Part 3 of the in-sight Starchefs 2015 Series
Food spanned the globe, tickling and delighting the palates of ICC conference participants. Day One was all about “hot diggity dog” with Rising Chefs strutting their culinary chops. Bill Kim of Chicago’s Belly Shack featured an all-beef hot dog with egg noodles and pickled green papaya (The Belly Dog) and said he’s all about offering the unexpected amid familiar flavors.
The three mantras of his restaurant, he explained, are being “accessible, flavorful and affordable.” “I like to use common things people understand and then add a surprising element.” That means mac and cheese made with Thai curry (being from Korea, he’s big into Asian ingredients) or spicing up tofu, which he says diners don’t fully appreciate, with a crab ragu. He’ll even marinate tofu overnight to give it a steak-like texture and taste.
Chef Matt Gennuso of Wurst Kitchen (Providence, RI) served up a classic frank with sweet pepper relish, pickle reus and house mustard. Also on his menu: smoked hot links with a bacon jam. Between handing out dogs to hungry participants he said his inspiration for food comes from the seasons – as well as from events like ICC where he can glean ideas from others around him.
Other hot dogs served during the lunch rush included an Icelandic hot dog from Phillip Gilmour of Momo Sushi Shack in Brooklyn, a lamb creation smothered with Remoulade, sweet brown mustard, ketchup, chopped onions and fried shallots; a beef and cheddar frank with mustard and a pretzel bun from Chefs Michael Hudman and Andrew Ticer of Porcellino’s (Memphis, TN), and a spicy okra dog with choron and scallions from Benjamin Thompson of The Rock Bar (Arrington, VA).
Among the popular tables: Cosme Chef Daniela Soto-Innes’ pop-up where she offered three courses (six to some lucky patrons) of Langoustine with Pear Mojo and Hoja Santa, Veal Tongue, Ha’Sikil P’ak and Brussel Sprouts Pico and Blue Corn Piloncillo Gordita. Soto-Innes said she likes working with corn as there are so many ways to use it and transform it into a variety of dishes. She also likes testing and trying out vinegars due to their array of acidity, which can really alter a dish.
Another popular stop: Matteo Boglione of New York’s Le Cirque who offered a double-cooked homemade mozzarella with porcini mushrooms, green asparagus and black truffle cream. He said if he can’t find a new ingredient to play with, he finds another way to make something “old” work together in a new way. Right now, he’s experimenting with octopus and its varied incarnations.
The theme of using different techniques to mix up flavors was seconded by Michael Brewer of The Sammich (New Orleans, LA) who showcased a roasted shrimp with sweet potato gnocchi and a shrimp demi. “I tend to take the Creole classics and put a new spin on them,” he said. Collaborating is key. “Being in New Orleans, the chefs are a band of brothers. We’re constantly learning from each other.” Right now he said is working on pork and shrimp combinations, ideally using white shrimp.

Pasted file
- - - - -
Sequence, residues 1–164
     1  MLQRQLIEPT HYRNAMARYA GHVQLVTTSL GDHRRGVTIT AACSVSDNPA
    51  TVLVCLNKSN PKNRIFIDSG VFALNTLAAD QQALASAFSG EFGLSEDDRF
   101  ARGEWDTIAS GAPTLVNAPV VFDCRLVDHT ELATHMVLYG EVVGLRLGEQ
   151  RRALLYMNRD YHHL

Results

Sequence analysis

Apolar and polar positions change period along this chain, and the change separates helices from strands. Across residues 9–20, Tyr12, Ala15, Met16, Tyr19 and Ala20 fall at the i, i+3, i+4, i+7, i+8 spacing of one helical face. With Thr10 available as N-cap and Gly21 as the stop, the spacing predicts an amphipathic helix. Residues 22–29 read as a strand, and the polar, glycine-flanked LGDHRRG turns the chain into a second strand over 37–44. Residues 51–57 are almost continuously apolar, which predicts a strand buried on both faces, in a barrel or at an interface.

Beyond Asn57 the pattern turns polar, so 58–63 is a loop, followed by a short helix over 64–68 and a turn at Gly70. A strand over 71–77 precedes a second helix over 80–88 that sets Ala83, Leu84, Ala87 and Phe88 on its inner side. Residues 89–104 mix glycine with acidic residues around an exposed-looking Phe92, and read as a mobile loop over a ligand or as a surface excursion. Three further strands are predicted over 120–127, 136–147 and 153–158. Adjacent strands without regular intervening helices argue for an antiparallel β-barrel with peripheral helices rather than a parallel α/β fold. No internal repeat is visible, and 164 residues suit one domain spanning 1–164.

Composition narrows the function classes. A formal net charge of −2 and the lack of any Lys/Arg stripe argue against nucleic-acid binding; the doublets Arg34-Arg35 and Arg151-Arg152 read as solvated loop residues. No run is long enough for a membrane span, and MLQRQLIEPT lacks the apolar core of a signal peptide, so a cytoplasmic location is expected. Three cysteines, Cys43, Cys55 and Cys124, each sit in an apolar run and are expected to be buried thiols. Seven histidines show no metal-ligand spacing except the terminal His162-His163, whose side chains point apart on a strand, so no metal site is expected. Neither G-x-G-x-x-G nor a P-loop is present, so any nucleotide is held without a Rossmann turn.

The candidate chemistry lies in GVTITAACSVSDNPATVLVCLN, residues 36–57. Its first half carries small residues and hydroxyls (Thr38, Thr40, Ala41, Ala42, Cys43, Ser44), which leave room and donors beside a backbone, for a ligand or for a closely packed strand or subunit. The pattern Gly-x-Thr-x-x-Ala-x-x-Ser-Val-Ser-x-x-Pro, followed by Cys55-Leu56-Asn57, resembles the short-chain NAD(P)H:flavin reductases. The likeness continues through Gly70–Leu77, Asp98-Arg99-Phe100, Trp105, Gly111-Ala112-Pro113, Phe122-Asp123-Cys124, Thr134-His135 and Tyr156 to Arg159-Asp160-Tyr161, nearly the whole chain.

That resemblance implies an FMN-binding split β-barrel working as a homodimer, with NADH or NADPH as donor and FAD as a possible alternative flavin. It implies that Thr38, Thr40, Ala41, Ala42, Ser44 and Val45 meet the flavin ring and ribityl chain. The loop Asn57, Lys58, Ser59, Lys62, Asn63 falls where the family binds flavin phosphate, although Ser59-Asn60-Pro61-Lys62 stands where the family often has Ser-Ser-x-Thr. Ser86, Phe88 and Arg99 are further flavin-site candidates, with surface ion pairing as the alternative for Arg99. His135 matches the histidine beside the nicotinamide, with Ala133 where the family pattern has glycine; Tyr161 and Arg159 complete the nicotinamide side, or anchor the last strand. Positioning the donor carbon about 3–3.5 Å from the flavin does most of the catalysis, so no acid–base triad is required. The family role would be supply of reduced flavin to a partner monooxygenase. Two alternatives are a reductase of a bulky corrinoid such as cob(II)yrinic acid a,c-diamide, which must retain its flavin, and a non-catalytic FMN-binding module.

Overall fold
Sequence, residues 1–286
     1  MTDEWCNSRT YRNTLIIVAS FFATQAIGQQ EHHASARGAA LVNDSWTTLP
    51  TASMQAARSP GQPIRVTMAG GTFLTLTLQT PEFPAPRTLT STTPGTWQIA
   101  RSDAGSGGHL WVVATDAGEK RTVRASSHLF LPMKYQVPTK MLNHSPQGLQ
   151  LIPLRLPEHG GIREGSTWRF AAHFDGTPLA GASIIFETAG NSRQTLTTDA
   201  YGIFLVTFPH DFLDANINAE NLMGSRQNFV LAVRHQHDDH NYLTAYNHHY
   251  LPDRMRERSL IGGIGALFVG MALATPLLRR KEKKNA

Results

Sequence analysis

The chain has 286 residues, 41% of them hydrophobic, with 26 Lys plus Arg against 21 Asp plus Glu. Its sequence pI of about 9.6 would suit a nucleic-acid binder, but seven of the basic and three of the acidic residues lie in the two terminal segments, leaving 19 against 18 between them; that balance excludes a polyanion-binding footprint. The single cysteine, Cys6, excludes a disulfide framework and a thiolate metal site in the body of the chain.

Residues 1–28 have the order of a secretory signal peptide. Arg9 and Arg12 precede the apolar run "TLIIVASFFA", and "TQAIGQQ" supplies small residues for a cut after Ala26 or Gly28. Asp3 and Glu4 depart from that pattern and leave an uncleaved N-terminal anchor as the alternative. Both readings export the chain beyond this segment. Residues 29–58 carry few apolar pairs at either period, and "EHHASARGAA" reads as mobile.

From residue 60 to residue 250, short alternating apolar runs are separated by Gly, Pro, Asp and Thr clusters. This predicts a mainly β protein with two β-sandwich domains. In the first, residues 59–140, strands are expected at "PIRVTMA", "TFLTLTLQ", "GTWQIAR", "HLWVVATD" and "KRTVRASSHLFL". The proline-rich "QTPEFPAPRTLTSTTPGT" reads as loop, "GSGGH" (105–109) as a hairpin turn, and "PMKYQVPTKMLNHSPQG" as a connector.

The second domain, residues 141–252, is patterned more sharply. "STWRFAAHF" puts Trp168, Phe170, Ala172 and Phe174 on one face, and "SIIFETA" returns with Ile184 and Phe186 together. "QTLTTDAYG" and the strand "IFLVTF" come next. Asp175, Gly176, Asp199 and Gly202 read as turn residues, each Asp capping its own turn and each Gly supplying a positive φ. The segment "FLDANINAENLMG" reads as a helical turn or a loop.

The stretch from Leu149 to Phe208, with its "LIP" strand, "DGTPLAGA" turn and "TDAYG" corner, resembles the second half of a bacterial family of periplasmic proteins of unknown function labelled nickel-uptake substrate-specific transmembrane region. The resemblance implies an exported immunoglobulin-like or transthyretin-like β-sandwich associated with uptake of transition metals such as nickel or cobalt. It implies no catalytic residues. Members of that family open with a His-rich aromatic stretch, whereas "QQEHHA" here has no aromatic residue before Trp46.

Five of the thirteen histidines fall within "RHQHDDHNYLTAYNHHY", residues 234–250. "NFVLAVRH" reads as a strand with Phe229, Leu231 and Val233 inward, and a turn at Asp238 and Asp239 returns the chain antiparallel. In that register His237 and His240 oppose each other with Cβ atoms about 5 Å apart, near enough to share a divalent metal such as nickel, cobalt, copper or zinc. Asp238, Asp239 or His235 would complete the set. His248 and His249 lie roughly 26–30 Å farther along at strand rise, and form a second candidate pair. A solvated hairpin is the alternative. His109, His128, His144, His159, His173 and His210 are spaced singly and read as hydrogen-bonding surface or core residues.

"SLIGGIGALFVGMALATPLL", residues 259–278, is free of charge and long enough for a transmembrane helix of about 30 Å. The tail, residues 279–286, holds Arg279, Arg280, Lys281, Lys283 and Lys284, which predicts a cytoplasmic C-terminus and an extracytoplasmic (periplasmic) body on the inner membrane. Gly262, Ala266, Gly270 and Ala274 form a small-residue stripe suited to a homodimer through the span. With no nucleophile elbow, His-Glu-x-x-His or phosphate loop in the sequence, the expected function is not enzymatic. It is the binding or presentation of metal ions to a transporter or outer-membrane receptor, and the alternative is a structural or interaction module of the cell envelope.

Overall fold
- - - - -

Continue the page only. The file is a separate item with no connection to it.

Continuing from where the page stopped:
Day Two’s “Hey, Asia!” focus showcased dishes with influences from Japan, Thailand and Vietnam. From fish sauce, to soy sauce and Sriracha, to jungle curry, traditionally Asian ingredients made their way into surprising dishes like chicken liver mousse and pork pastrami. Chef Mike Gulotta of MoPho (New Orleans, LA), for example, learned to make his Creole “backbone stew” from an old friend in the neighborhood, but also saw how the heavy dishes of New Orleans could be “lightened by Vietnamese techniques, which were more suited for the heat of the south.” The result? A fusion backbone stew with fermented beans, pork blood, and lime leaf aioli served with a charred sticky rice that was a crowd pleaser.
While Asia was certainly named the ICC showcase for the day, Foods from Spain—a conference sponsor since Day One—was on full display with a host of Ibérico ham, Estrella beer, and cheeses. Spanish and Latin American influences creeped into dishes elsewhere—Jaime and Felipe Torres of Raymi (New York, NY) served ceviche mixto and dumplings to enjoy with Taste Peru’s Macchu Piso cocktail. Café ArtScience’s (Boston, MA) Chef Patrick Campbell paired beef tongue with parmesan, salsa verde and Spanish anchovy. Mahón cheese, originating from the island of Minorca off the Mediterranean coast of Spain, was included in the smoked chipped beef toast offered by Chef Nathanial Zimet of Bourée (New Orleans, LA) and also in Chef Tyler Anderson’s sweet squash dumpling with black truffle (Millright’s in Simsbury, CT).
Day Three guests experienced some serious “Fermentation Funk,” with a range of dishes featuring fermented foods. For Chefs Andrew Whitcomb and Jessica Koslow, who both run kitchens that are farmer’s market driven, sustainability and fermentation go hand in hand. “Sqirl (Los Angeles, CA) is known for fermenting a lot of things to extend the life of our produce. We thought it was a natural transition to start using those same flavors to create our own spices. The spices usually come from what we happen to be fermenting that week, and then we uses the spices, like fermented Furikake powder, to create flavored popcorn,” said Koslow. New York City’s Whitcomb also created a condiment to add enhance flavor, creating a fermented honey at Colonie to complement his smoked fried chicken and hot sauce.
One of the most popular dishes featured was created by Chef Ethan Pikas of Cellar Door Provisions (Chicago, IL). Guests raved over his fermented turnip soup, which also included cultured dairy and pickled root vegetables. But the most interesting use of fermentation went to pastry chef Mina Pizzaro of Juni (New York, NY), whose fermented oat cracker sat atop a tasty toasted oatmeal stout cremeux and carrot glaze.
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